Want to know the shape of things to come in Ireland? Spain?
Look no further than … Finland.
That particular Nordic nation experienced an almighty financial boom in the 1980s. In 1990 came the the bust — led by a slowdown in the global economy, the collapse of trade with the also-collapsed Soviet Union, and a rise in European interest rates.
Three consecutive years of negative Finnish GDP growth followed, with unemployment rising from 3 per cent to 16 per cent, and households embarking on years of painful deleveraging. It wasn’t until around 1994 — after devaluing and floating its currency — that Finland’s economy began recovering.
We bring the Finnish experience up because Moody’s have published a report titled “Finland’s 1990s Recession Paints a Bleak Picture for Irish and Spanish Consumer Asset-Backed Securities and Residential Mortgage-Backed Securities.”
The summary version is that the booms in Ireland and Spain share many similar characteristics with Finland, which means their busts might also end up the same way.
Only, potentially worse, according to Moody’s economist Nitesh Shah:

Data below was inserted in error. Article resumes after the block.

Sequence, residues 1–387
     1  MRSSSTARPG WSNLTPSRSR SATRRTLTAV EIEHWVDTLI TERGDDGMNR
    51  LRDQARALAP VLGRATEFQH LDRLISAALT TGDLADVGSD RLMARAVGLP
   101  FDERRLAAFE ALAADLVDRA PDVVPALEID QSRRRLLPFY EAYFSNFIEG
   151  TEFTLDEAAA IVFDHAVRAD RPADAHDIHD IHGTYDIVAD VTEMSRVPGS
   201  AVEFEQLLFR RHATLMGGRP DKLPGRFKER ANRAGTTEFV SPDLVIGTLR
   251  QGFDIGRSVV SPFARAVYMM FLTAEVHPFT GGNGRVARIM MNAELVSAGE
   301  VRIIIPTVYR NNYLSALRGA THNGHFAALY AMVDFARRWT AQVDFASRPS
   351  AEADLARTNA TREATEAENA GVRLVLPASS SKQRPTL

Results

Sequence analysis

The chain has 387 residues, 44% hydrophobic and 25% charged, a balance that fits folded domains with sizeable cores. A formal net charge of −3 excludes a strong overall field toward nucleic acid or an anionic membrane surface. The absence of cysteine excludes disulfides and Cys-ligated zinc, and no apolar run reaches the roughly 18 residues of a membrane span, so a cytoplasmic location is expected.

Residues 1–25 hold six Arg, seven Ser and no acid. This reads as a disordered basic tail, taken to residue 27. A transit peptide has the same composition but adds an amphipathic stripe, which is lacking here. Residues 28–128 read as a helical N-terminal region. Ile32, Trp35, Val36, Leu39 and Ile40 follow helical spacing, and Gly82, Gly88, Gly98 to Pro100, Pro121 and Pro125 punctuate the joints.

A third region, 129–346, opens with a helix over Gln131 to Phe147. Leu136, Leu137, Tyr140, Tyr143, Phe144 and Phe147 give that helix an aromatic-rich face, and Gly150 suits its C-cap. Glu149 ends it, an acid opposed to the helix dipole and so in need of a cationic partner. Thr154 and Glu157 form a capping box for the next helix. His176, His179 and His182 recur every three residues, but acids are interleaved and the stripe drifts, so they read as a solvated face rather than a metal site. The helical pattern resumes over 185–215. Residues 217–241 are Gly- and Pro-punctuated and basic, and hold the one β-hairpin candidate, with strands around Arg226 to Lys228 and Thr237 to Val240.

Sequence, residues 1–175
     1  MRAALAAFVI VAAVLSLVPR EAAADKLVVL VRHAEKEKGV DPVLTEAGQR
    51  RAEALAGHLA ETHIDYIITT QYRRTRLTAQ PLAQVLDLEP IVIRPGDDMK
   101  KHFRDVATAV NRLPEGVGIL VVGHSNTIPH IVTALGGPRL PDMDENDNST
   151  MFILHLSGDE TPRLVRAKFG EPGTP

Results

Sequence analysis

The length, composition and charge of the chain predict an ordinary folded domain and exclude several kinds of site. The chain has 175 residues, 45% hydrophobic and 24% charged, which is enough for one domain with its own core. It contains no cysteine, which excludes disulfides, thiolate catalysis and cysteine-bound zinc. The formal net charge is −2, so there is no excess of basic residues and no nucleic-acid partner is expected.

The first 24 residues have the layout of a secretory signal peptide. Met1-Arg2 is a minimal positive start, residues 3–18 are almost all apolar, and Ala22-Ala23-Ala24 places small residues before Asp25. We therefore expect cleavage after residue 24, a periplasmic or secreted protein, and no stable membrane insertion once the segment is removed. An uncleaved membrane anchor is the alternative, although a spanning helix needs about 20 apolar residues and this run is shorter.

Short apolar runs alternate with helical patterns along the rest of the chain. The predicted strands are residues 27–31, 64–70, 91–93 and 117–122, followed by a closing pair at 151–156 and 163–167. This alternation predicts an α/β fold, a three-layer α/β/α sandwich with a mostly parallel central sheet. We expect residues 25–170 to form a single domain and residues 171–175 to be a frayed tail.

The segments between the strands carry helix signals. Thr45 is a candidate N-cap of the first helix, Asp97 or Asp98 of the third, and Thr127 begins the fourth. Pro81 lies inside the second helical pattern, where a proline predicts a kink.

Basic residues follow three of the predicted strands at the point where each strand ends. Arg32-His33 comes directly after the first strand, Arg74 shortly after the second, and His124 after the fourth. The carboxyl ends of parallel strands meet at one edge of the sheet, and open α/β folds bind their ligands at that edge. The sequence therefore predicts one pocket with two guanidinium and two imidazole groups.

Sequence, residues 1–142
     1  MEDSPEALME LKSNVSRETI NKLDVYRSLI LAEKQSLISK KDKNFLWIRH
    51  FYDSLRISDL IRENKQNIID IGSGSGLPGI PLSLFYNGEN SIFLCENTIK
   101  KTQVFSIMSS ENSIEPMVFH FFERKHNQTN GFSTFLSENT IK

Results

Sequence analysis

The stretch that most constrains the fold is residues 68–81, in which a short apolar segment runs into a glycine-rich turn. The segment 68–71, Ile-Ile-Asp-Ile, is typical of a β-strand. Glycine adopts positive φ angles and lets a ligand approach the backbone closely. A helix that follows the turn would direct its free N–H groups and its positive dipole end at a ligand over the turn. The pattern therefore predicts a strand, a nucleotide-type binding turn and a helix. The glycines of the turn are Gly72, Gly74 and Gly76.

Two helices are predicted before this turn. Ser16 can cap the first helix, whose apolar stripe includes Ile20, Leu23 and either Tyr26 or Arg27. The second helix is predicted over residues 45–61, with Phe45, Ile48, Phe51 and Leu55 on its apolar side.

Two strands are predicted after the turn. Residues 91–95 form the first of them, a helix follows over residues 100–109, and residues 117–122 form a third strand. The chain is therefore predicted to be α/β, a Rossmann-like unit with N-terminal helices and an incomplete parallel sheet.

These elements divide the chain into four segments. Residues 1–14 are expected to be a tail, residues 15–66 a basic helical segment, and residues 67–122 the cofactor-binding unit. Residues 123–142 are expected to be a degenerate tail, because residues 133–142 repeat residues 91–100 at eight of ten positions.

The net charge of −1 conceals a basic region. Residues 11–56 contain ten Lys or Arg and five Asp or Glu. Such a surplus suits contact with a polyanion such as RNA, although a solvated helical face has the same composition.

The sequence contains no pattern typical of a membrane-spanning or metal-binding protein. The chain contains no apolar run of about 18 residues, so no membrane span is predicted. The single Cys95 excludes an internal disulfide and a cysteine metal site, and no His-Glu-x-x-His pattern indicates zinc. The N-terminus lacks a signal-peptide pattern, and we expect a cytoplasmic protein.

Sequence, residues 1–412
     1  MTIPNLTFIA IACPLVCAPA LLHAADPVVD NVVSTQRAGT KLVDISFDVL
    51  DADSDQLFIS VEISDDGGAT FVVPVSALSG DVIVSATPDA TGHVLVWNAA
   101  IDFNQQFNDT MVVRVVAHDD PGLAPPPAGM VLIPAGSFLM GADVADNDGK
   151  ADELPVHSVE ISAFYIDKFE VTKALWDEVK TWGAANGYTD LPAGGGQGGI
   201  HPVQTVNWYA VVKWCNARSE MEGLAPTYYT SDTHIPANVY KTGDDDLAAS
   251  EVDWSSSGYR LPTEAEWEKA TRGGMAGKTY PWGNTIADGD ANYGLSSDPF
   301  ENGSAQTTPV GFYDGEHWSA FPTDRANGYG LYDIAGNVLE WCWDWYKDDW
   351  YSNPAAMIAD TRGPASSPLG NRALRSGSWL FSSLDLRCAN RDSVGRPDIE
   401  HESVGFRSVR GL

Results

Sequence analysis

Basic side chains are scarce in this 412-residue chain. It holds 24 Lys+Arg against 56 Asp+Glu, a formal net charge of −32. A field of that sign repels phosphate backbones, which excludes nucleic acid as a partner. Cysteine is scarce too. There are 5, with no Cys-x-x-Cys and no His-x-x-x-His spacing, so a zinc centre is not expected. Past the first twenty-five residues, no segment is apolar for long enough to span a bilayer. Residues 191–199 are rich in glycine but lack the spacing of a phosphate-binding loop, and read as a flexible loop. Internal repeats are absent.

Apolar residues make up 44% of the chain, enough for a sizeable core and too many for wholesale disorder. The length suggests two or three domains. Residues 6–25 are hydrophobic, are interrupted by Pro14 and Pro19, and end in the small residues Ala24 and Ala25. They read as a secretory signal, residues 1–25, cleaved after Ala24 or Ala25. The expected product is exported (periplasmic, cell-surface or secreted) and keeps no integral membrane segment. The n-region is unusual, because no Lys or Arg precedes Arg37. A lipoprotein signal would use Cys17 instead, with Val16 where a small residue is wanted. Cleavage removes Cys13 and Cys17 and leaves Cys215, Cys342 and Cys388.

A debt-deflation spiral will lead to an increase in Irish and Spanish non-performing consumer obligations. When earnings and real interest rate developments fail to meet the expectations of over-indebted borrowers, they are often forced to sell assets to meet their loan obligations. Asset prices such as house prices are negatively impacted, and the process can spiral as weakness in asset prices contribute to more recessionary pressure and poorer income growth, which in turn feeds into further rounds of asset sales and hence price weakness. Often called a debt-deflation spiral, this process took place in Finland. Non-performing loans (NPLs) in the Finnish household sector increased from 4.3% of outstanding loans in 1991 to 7.0% in 19937. Household sector NPLs did not recover to pre-crisis levels until house prices returned back to their pre-crisis levels (Chart 1). Given the similarities of having high indebtedness and low income growth prospects, we expect a similar development to occur in Ireland and Spain. In Finland, cumulative losses in the household sector between 1991 and 1998 were over 5% of outstanding loans8. Given the prospect of a more prolonged economic recovery in Ireland and Spain, we believe losses will exceed 5% across consumer related assets.